RideEngineimages-02First of all, traditional kite harnesses can cause all kinds of back problems. That was a key factor for wanting to create something different in the first place.

The first big advantage with the hard shell is that is takes the load off of pressure points on your hips and distributes it evenly over the whole surface of the harness for a much more comfortable ride. Secondly, because it’s so effective at spreading the load, the whole harness can be lower profile, allowing more freedom of movement and higher performance. Third, the lumbar curve of the shell keeps the harness locked into the small of the back and keeps it from riding up. Nine out of 10 people have a back shape that really fits the production shape well. Everyone is different, so a small minority of folks, particularly those with very little lumbar curve, won’t fit well in the harnesses and might want to wait until we re-introduce custom harnesses in the future. For most people though, the production ones are great and might even be as good as a custom in terms of fit. They really do seem to work well. I’ve had multiple people come to me with stories of back surgeries and other issues that put them into a seat harness, but after trying a Ride Engine, they were able to get back into a waist harness and enjoy the performance it offers without compromising their comfort or back health.

At Surf Expo, we learned that the production harness line is available in three different levels: The Hex, Team and Elite. What are the functional differences between the three lines and how would you recommend these harnesses for the various skill levels and disciplines of kiteboarding?

RideEngineimages-05All of them are really nice; we are about ‘buy once, buy quality’, and we decided to skip making anything cheap and ‘entry level’ that would have a short lifespan. The main difference between the different lines is the stiffness of the shell and the weight. The Hex Core shells are made of fiberglass resin and are our most flexible model. The Team Series has more carbon and Kevlar in it, making it a little stiffer and lighter. The Elite series is all carbon and is lighter and stiffer than the other two.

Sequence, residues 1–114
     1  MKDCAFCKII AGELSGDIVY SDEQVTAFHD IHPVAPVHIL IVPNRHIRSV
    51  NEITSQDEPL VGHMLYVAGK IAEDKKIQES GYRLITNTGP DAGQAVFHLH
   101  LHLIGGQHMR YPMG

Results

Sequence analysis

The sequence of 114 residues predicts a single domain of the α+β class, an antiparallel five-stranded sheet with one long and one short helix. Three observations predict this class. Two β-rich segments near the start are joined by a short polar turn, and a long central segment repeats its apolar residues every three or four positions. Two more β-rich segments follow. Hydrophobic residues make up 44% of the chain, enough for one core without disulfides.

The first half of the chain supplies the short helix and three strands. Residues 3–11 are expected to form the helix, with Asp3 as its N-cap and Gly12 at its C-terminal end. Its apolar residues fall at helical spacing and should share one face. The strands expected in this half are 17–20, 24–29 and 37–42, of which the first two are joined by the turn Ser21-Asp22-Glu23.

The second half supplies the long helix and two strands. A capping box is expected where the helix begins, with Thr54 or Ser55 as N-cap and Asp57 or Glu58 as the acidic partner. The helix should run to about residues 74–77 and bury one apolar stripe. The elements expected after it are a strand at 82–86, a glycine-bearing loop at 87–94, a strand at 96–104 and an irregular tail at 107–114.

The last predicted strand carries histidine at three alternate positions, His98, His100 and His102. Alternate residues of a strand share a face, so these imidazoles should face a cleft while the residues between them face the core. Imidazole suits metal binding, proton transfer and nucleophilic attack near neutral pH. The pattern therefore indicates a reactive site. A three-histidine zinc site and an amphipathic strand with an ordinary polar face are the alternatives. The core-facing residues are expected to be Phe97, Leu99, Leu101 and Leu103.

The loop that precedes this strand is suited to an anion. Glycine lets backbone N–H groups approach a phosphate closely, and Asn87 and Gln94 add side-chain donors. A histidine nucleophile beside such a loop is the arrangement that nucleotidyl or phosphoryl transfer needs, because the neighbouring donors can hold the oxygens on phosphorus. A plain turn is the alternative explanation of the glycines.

What spreader bar options will be offered and how are they different from what is currently on the market?

We offer three styles of spreader bars in two sizes for a total of six bar options. The first style is a standard metal hook for freestyle riders who want to maintain the ability to unhook while riding. For all other riding, we have our signature sliding rope system that really highlights the strengths of the harness. One version is a metal spreader bar with rope and the upgrade is an all carbon bar with rope. With this system, the rider’s chicken loop connects directly to a rope that runs the length of the spreader bar. The benefits of this are amazing. Your torso has far more freedom of movement as the chicken loop slides smoothly along the rope. Not only does this have a huge impact on your riding (especially in the waves), but it eliminates the lever effect that a standard fixed hook bar has as the kite pulls up and works the harness up your waist in the process.

Ride Engine is also releasing a line of wetsuits later this year. Tell us a little about your materials and key construction features.
RideEngineimages-06Our wetsuits are made from the highest quality limestone-based Japanese neoprene for a very light, stretchy and warm suit. We designed the layout for the minimal number of seams and fusion. They will be available this winter 2015.